Retailers are under pressure to raise prices on a slew of everyday products. The problem: Americans have become too cheap to let them, Axios' Courtenay Brown writes.
Why it matters: Our obsession with cheap stuff is tying the hands of some of the nation's biggest corporations — Target, Macy's, Walmart — at a time when they're grappling with new tariffs and can't risk offending holiday shoppers.
A few examples:
Macy’s attempted to pass along tariff costs — making items like luggage, furniture and other household products more expensive — but the company faced consumer backlash and may reverse those hikes.
Target is putting intense pressure on its suppliers that buy products from China to hold the line on prices. "Our expectation is that you will develop the appropriate contingency plans so that we don’t have to pass price increases along to our [customers]," Mark Tritton, Target's chief merchandising officer, wrote in a memo to suppliers.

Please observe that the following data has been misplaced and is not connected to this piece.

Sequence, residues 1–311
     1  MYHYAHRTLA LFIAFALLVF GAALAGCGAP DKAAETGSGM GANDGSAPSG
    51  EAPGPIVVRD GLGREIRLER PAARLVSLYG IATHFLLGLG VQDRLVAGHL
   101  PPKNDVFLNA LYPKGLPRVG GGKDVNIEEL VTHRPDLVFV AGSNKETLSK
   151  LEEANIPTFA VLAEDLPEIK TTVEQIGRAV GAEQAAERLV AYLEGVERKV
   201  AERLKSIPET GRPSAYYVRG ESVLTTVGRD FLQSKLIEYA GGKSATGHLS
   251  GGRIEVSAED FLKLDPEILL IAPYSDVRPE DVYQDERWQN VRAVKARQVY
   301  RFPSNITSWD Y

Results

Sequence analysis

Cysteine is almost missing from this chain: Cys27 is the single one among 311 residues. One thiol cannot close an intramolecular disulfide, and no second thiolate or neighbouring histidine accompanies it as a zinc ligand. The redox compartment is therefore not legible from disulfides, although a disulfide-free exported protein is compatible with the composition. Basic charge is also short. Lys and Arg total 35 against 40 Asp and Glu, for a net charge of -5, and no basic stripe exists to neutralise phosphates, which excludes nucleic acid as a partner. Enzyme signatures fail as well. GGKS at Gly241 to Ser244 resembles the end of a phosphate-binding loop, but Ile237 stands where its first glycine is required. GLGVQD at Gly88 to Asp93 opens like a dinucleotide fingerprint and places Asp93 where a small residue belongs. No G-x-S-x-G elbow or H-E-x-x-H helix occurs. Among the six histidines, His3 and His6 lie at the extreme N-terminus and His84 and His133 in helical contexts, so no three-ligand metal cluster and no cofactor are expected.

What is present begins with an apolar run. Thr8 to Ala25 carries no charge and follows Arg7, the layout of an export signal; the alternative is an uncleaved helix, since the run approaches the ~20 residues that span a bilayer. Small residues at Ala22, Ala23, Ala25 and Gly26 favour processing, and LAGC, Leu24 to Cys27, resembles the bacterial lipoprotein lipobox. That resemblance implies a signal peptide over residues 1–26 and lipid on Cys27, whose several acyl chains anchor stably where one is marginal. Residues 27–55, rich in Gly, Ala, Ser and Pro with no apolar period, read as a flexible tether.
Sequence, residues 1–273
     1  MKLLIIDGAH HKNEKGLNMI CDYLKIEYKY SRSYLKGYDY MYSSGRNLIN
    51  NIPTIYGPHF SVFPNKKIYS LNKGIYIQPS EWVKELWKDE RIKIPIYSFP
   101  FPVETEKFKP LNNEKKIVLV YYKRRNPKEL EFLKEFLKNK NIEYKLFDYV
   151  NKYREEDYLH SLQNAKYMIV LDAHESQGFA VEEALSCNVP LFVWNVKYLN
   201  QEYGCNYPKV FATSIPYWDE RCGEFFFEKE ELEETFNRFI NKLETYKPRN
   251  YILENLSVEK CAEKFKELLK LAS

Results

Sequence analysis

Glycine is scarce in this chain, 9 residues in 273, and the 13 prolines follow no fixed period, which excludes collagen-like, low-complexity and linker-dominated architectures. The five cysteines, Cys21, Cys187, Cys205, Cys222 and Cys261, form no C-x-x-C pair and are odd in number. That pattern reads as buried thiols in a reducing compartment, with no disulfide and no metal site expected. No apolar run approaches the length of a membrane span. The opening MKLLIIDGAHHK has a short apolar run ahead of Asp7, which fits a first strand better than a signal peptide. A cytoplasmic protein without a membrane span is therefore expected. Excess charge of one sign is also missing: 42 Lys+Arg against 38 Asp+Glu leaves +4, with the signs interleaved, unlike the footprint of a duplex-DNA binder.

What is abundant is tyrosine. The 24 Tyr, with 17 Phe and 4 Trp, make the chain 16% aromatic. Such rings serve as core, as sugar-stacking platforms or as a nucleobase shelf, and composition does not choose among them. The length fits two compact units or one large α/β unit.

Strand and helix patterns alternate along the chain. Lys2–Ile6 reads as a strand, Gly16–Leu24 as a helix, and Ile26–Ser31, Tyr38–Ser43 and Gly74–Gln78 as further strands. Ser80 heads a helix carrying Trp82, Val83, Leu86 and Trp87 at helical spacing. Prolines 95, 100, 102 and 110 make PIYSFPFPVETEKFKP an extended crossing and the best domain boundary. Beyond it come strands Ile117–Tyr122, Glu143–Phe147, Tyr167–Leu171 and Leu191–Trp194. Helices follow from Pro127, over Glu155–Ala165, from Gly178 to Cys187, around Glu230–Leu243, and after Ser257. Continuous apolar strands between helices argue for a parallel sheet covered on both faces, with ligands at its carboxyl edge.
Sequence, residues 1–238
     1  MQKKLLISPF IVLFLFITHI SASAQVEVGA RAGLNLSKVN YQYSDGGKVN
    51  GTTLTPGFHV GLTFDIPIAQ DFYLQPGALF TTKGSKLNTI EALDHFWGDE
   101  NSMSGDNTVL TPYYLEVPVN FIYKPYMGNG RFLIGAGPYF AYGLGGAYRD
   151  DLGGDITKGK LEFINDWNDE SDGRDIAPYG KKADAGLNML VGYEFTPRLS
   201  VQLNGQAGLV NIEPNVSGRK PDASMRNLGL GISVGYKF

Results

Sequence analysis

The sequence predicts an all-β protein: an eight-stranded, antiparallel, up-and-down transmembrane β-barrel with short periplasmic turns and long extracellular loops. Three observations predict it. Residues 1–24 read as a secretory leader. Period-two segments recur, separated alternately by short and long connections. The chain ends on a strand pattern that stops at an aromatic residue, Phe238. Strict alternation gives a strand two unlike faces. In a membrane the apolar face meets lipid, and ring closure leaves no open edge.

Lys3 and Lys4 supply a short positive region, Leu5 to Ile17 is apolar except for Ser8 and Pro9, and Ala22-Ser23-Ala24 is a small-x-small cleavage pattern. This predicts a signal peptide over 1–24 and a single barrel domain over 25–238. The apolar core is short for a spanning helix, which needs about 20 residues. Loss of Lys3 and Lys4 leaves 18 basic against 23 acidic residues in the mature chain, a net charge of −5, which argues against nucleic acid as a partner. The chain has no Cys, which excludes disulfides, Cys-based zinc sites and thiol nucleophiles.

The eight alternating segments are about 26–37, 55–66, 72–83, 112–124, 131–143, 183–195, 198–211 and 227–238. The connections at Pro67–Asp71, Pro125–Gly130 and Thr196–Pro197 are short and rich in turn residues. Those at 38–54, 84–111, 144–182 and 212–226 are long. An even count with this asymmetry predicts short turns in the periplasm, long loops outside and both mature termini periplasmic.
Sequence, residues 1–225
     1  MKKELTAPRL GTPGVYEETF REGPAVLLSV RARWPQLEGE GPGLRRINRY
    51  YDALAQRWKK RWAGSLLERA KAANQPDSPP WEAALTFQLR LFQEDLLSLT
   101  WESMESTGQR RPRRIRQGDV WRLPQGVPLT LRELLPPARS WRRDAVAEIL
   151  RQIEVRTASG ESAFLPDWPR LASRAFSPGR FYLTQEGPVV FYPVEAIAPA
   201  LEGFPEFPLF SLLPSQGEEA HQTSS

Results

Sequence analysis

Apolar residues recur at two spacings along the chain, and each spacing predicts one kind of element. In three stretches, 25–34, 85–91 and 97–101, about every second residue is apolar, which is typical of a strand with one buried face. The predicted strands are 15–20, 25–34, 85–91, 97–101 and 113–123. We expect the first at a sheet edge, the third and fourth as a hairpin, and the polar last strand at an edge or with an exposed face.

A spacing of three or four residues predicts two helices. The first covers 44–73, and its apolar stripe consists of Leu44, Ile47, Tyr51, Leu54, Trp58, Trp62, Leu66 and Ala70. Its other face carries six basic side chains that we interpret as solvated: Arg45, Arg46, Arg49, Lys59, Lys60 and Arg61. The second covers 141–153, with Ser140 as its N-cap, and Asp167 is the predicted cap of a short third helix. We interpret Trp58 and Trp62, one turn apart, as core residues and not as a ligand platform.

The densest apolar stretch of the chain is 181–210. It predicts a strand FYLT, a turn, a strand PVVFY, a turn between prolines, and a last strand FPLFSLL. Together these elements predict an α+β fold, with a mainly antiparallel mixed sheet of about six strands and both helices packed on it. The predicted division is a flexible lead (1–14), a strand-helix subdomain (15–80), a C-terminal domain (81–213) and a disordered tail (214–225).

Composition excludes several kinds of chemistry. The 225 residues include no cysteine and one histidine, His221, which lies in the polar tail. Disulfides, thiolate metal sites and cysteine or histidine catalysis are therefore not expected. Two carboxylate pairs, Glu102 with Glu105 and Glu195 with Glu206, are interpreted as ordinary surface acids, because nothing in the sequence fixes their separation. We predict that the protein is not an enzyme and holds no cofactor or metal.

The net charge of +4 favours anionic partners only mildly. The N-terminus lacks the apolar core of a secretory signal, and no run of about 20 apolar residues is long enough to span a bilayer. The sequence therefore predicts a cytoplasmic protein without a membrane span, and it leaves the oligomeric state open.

Prices have ticked higher on some products at Walmart, but executives view price increases as a last resort.
Apparel prices haven't gone up meaningfully in at least seven years, according to the Bureau of Labor Statistics' consumer price index. For some items, like toys and cosmetics, prices have actually been trending lower.
"We’ve trained customers to be so cheap," Sucharita Kodali, a retail analyst at Forrester Research, tells Axios.
At Macy's, executives are looking at "mitigation strategies" to avoid raising prices with new tariffs.
The bottom line: Economists estimate the trade war could increase costs by hundreds of dollars for the average U.S. household.
2. CEO pessimism rises but consumers keep spending
Corporate America's level of optimism has dramatically receded from the levels when President Trump took office, Axios' Courtenay Brown writes.
Why it matters: Top executives are feeling the pain from the trade war, prompting them to hold off on hiring and spending decisions that propel economic growth.
The latest: CEO confidence fell yesterday to the lowest level in three years in a closely watched Business Roundtable survey with responses from 138 CEOs — the biggest quarter-over-quarter decline since 2012.
But consumers, so far unshaken by tariffs, haven't pulled back. In fact, a blockbuster holiday shopping season is expected — even stronger than last year.